Bringing You the Daily Dispatch

The disease-busting hybrids that could bring back the majestic English elm
Environment Science World News

The disease-busting hybrids that could bring back the majestic English elm

Constable painted them. Shakespeare wrote of them. And Francis Drake sailed the world in a ship made from them. English elms were a mainstay of England’s landscape and culture – until they all but disappeared to Dutch elm disease in the 1970s.

Since that devastation, when 25m elms were felled, enthusiasts and academics have searched for varieties resistant to the fungus spread by Scolytus beetles that kills the trees.

Results have been mixed. Scientists in Europe and the US have created hybrids but they are not always suited to the British climate, and – a crucial factor for some elm devotees – they lack the form of the classic English elm: a figure-of-eight shape with branches spreading at the bottom and top of the trunk with a cinched waist in the middle.

Now there is growing excitement about a new disease-resistant variety that appears to have many of the characteristics of English elms, whose modern fans include King Charles, who said in 2017 that he had “planted an avenue of [an American variety] at Highgrove then watched, miserably, as many of them succumbed”.

The new variety was created by Dr David Herling and Fergus Poncia, friends who were horrified to watch elms being chainsawed as schoolboys.

Fergus PonciaView image in fullscreen

“At the time, they said it wouldn’t be an issue because when you chop down an elm, it sends up saplings from its roots,” Poncia said. “The problem is that as soon as they reach 20ft, they become attractive to insects and become reinfected.

“David’s theory was to take a proven field resistant elm and cross it with an English elm that had the classic shape but was a survivor. We found a stand of elms at Tonge Mill near Faversham.”

The English elms that so often featured in Constable paintings, such as The Hay Wain, were probably introduced to Britain by the Romans, who wanted a fast-growing tree to make bridges. They are known as Atinian elms, a variety of field elms, and distinct from wych elms that have been native to Britain since the bronze age and thrive in Scotland and northern England.

Elms of all kinds may be vulnerable to the Scolytus beetle, but their wood is resistant to the gribble worms that live in water, so are ideal for bridge foundations in marshland and for the keels of ships, such as the Golden Hinde.

Fergus Poncia with, left, David HerlingView image in fullscreen

Herling, who ran the graduate diploma in law at City University, training barristers, had befriended some Italian academics who had developed a disease-resistant elm and, in 2014, they gave him some stock. He and Poncia had taken some saplings and waited until they flowered. “When it flowers, you only have a window of a few hours, so you have to sit up overnight, watching, and hope the others will flower at the same time. Then you take the pollen off with a paintbrush from one and paste it on to the other. It’s not like putting two bunny rabbits in a hutch and waiting.”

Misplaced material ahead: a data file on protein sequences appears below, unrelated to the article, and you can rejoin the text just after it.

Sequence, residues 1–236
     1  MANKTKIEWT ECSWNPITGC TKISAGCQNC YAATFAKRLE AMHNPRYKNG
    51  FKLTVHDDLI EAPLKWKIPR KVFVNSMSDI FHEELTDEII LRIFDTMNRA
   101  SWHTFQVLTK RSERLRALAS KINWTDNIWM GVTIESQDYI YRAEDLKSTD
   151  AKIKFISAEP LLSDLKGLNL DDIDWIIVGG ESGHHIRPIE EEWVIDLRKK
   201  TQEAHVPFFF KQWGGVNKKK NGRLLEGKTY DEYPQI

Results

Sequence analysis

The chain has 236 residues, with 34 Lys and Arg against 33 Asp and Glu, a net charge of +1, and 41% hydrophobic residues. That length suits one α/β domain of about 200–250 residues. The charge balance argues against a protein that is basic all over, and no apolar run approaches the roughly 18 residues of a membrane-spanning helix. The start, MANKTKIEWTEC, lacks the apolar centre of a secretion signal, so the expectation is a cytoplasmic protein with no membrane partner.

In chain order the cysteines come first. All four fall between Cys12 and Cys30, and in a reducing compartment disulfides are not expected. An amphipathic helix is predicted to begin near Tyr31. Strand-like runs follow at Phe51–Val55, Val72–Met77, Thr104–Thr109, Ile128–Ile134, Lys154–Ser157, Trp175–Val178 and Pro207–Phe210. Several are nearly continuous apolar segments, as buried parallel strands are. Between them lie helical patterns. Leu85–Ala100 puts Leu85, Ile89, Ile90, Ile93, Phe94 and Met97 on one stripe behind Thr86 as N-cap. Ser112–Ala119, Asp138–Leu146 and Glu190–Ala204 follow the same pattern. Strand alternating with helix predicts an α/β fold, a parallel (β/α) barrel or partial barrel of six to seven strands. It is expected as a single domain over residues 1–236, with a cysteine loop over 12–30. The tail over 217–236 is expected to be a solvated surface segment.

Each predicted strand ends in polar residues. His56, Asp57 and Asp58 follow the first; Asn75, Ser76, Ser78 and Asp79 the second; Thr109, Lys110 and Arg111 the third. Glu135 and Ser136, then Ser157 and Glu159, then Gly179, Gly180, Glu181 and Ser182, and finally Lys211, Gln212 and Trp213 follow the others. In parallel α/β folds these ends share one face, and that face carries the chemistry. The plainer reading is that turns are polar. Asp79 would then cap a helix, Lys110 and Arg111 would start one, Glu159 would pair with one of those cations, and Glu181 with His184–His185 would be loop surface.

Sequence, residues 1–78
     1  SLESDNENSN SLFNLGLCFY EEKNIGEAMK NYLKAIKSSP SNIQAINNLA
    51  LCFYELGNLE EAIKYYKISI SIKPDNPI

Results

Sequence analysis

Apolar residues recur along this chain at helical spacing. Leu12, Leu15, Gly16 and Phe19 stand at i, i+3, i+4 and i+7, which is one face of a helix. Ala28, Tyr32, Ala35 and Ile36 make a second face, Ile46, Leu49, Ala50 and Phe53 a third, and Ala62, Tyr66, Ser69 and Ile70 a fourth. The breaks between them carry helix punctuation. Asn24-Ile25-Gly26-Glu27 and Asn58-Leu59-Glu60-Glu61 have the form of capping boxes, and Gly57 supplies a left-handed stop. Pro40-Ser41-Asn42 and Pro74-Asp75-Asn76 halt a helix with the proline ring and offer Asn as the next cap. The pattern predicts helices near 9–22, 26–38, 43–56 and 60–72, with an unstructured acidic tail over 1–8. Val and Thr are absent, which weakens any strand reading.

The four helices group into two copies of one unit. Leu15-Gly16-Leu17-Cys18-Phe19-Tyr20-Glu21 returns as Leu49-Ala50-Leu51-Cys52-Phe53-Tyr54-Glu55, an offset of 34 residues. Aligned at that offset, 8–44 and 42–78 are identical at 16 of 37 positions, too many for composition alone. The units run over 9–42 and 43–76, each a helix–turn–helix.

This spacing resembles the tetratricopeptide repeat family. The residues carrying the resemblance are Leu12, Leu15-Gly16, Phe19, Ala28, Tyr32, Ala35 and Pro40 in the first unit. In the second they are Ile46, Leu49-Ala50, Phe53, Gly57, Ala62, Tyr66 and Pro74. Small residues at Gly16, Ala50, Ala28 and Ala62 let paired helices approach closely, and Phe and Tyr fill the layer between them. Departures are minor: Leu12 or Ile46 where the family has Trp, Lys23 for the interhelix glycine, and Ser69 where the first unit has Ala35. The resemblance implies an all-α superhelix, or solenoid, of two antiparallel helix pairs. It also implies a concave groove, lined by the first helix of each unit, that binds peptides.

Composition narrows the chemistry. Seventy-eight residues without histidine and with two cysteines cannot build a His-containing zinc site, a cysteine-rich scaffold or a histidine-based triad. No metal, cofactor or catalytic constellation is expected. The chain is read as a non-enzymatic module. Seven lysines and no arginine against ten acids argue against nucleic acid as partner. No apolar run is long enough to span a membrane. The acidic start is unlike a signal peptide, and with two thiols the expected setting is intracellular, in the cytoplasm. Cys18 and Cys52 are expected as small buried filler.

They ended up with 130 saplings, and Poncia, who was working as a lawyer for Southern Water, found some land to plant them at Wateringbury sewage treatment works in Kent. “A waste water treatment plant is ideal because deer can’t get in through the wire fencing,” Poncia said. “Otherwise they will eat any saplings as they grow out of their protective tubes.”

skip past newsletter promotion

By 2018, the saplings were strong enough for the big test. The two men clambered up to inoculate the trees with the latest variety of Dutch elm disease. They were left with four that were both disease-free and seemed to have the upright shape and branch angle of an English elm, Poncia said. It was a moment of triumph, but with a cruel twist. Herling had to deal with a different disease, cancer, and died in March 2020. “David was, in many ways, not of his time – more suited to the Renaissance or the 18th century,” his wife Joanna said. “I think he felt the elms in some ways ‘kept watch’ and represented something which should not have changed.

“Always, he was looking for the form which matched the ‘folk’ memory of the majestic elms of the English landscape

“I feel that the DNA of our children is woven into the DNA of his elm researches and creations. I remember seeing him as, like Mendel with a tiny paintbrush, he moved pollen in the conservatory between seedlings.”

Since Herling’s death, the work has continued. The four candidates were multiplied by researchers at the leading horticultural centre NIAB EMR in East Malling, Kent, and others have been given to growers including the National Elm Collection in Brighton, the Lees Court Estate in Faversham and Gravetye Manor in East Grinstead.

Prof Richard Buggs, senior research leader at Kew, said that Herling and Poncia’s elms were “promising”. “[Herling’s] seem to have been particularly successful, and it’s very sad that he died just as it was coming to fruition,” he said. “We’ve been sequencing the genomes of the progeny from his cross because it gives us the opportunity to try and narrow down which bits of the genome actually confer resistance.”

The ultimate aim for Poncia is to give away seedlings and saplings to repopulate the landscape. “People will only plant them if they cost a few pence, rather than trees from nurseries for £30 each,” he said. “We just want to repair the environment to what it was historically.”

Source: theguardian.com